Even when I drink a “fresh” tea, I must recognize that they may be as fresh as they can be, having been picked and processed a month or two prior to me brewing them. As such, they are not really “new” (新茶 xīnchá, “new tea”), just very fresh. Even the most excellent 抹茶 matcha is aged for several months, picked in Spring and then stored away until Autumn when it is ground into a fine powder. So, when I do have the opportunity to enjoy a truly fresh tea, one that had been just picked and finished, the experience can be quite eye opening.

One such moment occurred this week when Roy, a dear friend, tea person and founder of New York Tea Society returned from a sourcing trip to China and Taiwan. Welcoming me into his home and tea space, he produced a cornucopia of teas, ranging from freshly-picked 普洱毛茶 Pǔ’ěr máochá (Puer “rough tea”) and minimally-produced 紅茶 hóngchá (“red tea”) from Yunnan, and fragrant oolong and baozhong teas from Taiwan.

First came the clean and clear flavors of a delicate 月光白 Yuèguāng Bái (“Moonlight White”) from 景谷 Jǐnggǔ, Yunnan. Its leaves, smooth and silvery in appearance, with a shimmering downy velvet enrobing a dark green interior. Once brewed, the flavor was bright and full, with a viscosity and freshness of crisp cucumber, honeysuckle, and sweet grass.

Following was a gorgeous 金芽滇紅 Jīn yá diān hóng (Yunnan “Golden bud” red tea), the leaves of which resembled the first tea, though with subsequent oxidation, had darkened and achieve a bright golden hue.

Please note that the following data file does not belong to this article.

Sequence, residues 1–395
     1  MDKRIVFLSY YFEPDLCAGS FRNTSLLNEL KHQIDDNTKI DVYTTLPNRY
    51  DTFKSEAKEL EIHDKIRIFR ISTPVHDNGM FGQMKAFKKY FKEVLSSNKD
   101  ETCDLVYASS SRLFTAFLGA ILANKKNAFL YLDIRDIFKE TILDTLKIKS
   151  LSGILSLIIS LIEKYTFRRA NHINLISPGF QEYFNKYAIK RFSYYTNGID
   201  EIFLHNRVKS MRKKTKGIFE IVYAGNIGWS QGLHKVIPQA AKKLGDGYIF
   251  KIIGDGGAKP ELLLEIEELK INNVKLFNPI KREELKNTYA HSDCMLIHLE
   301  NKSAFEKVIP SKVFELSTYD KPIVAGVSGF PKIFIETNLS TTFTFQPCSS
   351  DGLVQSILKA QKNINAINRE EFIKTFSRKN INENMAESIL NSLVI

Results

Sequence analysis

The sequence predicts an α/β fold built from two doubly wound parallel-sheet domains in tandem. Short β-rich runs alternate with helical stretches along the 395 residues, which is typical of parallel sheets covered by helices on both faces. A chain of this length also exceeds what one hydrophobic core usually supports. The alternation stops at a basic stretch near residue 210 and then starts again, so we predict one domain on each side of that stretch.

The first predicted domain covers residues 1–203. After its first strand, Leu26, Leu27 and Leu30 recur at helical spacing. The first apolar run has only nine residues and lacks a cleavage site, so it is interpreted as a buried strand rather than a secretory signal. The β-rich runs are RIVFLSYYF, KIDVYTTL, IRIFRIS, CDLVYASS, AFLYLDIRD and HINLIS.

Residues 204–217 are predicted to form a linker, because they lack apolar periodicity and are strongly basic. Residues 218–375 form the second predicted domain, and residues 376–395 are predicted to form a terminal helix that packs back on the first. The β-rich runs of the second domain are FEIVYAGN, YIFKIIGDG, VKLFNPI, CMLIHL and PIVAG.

Placed into the large porcelain 蓋碗 gàiwǎn, their color shone like threads of gold.

Steeped for just a moment, the tea quickly revealed its qualities.

Once decanted, the result was a deep, rich amber liqueur. Much like the Yuèguāng Bái, the Jīn yá diān hóng exhibited the viscosity and freshness that is only found in very new tea.

However, through the light processing that involved sun-drying, oxidation, and a final “baking” of the leaves, the flavors were malty, akin to baked sweet potatoes and light caramel.

The day finished with two excellent máochá, one from Jǐnggǔ, the other from the famed growing region of 老班章 Lǎo Bān Zhāng. The first was a fresh-picked, lightly-processed 藤条毛茶 téng tiáo máochá.

Coming from a large leaf varietal found in Yunnan, the flavors it exhibited were dramatically different from the previous teas. Its flavor was crisp and grassy, with a satisfying juiciness.

In contrast, the final tea, a máochá from Lǎo Bān Zhāng, was more wild, its leaves exhibiting a wider range of colors and shapes, forms and sizes.

Once brewed, the flavors shifted from sweet to savory, gentle to astringent, straightforward to complex. Although not initially as pleasing to the palate, this pointed to a tea that would ultimately age better.

And, so, as we enjoyed tea together, we assessed how tea, which was only weeks old, may change over time. What was now sweet may with time fade. What now is bitter may mellow and reveal new levels of complexity. What energy exists in a new tea may dissipate over the years, settling, as all great tea does, to calm the mind and spirit when joined with friends or enjoyed in solitude.

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Filed under China, Hongcha, Matcha, Pu-erh, Tea, Tea Tasting, Travel, White Tea